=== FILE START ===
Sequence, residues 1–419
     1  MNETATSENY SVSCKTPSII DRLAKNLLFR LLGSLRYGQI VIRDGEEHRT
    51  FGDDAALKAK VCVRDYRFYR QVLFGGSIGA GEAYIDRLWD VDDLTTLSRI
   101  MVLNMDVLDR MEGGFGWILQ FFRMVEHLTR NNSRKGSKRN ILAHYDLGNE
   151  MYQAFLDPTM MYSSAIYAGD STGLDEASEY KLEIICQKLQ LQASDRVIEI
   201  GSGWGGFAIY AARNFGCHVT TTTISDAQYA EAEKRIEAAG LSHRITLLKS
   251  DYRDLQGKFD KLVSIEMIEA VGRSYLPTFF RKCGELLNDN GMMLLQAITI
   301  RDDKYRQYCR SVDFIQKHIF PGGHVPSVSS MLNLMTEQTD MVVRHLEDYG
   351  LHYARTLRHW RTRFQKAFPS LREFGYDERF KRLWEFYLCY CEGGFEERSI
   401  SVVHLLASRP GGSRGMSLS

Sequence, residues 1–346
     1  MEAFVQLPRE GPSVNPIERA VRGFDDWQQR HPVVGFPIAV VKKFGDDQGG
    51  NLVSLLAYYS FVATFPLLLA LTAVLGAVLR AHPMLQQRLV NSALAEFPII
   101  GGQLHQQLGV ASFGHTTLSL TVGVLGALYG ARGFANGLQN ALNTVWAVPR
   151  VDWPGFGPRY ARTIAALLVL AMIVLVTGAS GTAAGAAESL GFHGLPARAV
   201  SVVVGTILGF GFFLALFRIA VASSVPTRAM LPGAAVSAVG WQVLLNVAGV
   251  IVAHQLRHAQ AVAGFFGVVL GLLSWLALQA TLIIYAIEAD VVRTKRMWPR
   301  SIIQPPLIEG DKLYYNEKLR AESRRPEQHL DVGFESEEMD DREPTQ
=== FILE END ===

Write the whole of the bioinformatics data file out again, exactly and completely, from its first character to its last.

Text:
Sequence, residues 1–419
     1  MNETATSENY SVSCKTPSII DRLAKNLLFR LLGSLRYGQI VIRDGEEHRT
    51  FGDDAALKAK VCVRDYRFYR QVLFGGSIGA GEAYIDRLWD VDDLTTLSRI
   101  MVLNMDVLDR MEGGFGWILQ FFRMVEHLTR NNSRKGSKRN ILAHYDLGNE
   151  MYQAFLDPTM MYSSAIYAGD STGLDEASEY KLEIICQKLQ LQASDRVIEI
   201  GSGWGGFAIY AARNFGCHVT TTTISDAQYA EAEKRIEAAG LSHRITLLKS
   251  DYRDLQGKFD KLVSIEMIEA VGRSYLPTFF RKCGELLNDN GMMLLQAITI
   301  RDDKYRQYCR SVDFIQKHIF PGGHVPSVSS MLNLMTEQTD MVVRHLEDYG
   351  LHYARTLRHW RTRFQKAFPS LREFGYDERF KRLWEFYLCY CEGGFEERSI
   401  SVVHLLASRP GGSRGMSLS

Sequence, residues 1–346
     1  MEAFVQLPRE GPSVNPIERA VRGFDDWQQR HPVVGFPIAV VKKFGDDQGG
    51  NLVSLLAYYS FVATFPLLLA LTAVLGAVLR AHPMLQQRLV NSALAEFPII
   101  GGQLHQQLGV ASFGHTTLSL TVGVLGALYG ARGFANGLQN ALNTVWAVPR
   151  VDWPGFGPRY ARTIAALLVL AMIVLVTGAS GTAAGAAESL GFHGLPARAV
   201  SVVVGTILGF GFFLALFRIA VASSVPTRAM LPGAAVSAVG WQVLLNVAGV
   251  IVAHQLRHAQ AVAGFFGVVL GLLSWLALQA TLIIYAIEAD VVRTKRMWPR
   301  SIIQPPLIEG DKLYYNEKLR AESRRPEQHL DVGFESEEMD DREPTQ